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CSIRO is Australia’s national science agency and one of the largest and most diverse research organisations in the world. We focus on creating a positive impact and on answering the big questions for industry and society.

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Coal emissions are falling, but gas and coal use are strongly rising around the world. EPA/SASCHA STEINBACH

Global emissions to hit 36.8 billion tonnes, beating last year’s record high

Carbon emissions will hit a record high for the second year in a row, but there is a small silver lining: the rate of emissions growth has slowed dramatically.
Aerial imagery revealing the extent of storm damage in Dee Why on Sydney’s Northern Beaches in 2016 following wild weather. NEARMAP/AAP

A landmark report confirms Australia is girt by hotter, higher seas. But there’s still time to act

The IPCC report says extreme sea level events that used to hit once a century will occur once a year in many places by 2050. This situation is inevitable, even if emissions are dramatically curbed.
Very rarely, depending on where you are in the world, your compass can actually point to true north. https://www.shutterstock.com

Explainer: what happens when magnetic north and true north align?

Recently, magnetic compasses at Greenwich pointed directly at true north for the first time in 360 years. This is currently happening in Western Australia too. But what does it mean?
A view from CSIRO’s Australian SKA Pathfinder (ASKAP) radio telescope antenna 29, with the phased array feed receiver in the centre, Southern Cross on the left and the Moon on the right. CSIRO/Alex Cherney

How we closed in on the location of a fast radio burst in a galaxy far, far away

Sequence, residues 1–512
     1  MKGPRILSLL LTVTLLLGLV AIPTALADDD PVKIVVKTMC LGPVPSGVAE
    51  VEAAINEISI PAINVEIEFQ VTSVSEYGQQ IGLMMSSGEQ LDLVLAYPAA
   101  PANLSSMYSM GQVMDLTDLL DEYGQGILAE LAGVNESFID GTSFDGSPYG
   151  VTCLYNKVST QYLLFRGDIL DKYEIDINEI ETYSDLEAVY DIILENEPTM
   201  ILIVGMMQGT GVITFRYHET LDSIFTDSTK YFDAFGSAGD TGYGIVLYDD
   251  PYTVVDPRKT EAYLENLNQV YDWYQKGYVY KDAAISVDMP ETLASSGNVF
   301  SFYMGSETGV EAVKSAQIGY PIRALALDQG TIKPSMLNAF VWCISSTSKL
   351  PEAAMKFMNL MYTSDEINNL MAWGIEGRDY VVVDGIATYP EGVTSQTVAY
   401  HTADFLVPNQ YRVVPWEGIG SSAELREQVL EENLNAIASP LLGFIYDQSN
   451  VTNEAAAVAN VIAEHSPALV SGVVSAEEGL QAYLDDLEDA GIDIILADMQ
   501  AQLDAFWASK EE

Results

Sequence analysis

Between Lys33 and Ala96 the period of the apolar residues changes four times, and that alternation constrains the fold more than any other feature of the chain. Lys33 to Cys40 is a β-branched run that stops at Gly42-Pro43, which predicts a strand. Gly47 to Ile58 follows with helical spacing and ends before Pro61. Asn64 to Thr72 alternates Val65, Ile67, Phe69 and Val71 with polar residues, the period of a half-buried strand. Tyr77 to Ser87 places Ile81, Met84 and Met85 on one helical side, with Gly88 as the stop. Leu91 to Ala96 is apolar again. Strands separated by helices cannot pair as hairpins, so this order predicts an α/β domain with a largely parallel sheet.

For the first time scientists have located the home galaxy of a one-off fast radio burst. Here's how they did it – and what they learned about the galaxy.
Most new houses being built in Australia do no better than comply with the minimum energy performance required by regulations. Brendon Esposito/AAP

Australia’s still building 4 in every 5 new houses to no more than the minimum energy standard

Australia requires a minimum six-star energy rating for new housing. New homes average just 6.2 stars, so builders are doing the bare minimum to comply, even as the costs of this approach are rising.
Australia’s future prosperity will require bold action on a number of fronts and a deliberate commitment to careful and considered long-term thinking. Hendra Pontomudis / unsplash

It’s time for Australia to commit to the kind of future it wants: CSIRO Australian National Outlook 2019

If the right changes are made today, Australia’s living standards could be up to 36% higher in 2060. This translates into a 90% increase in average wages (in adjusted, real terms) from today.

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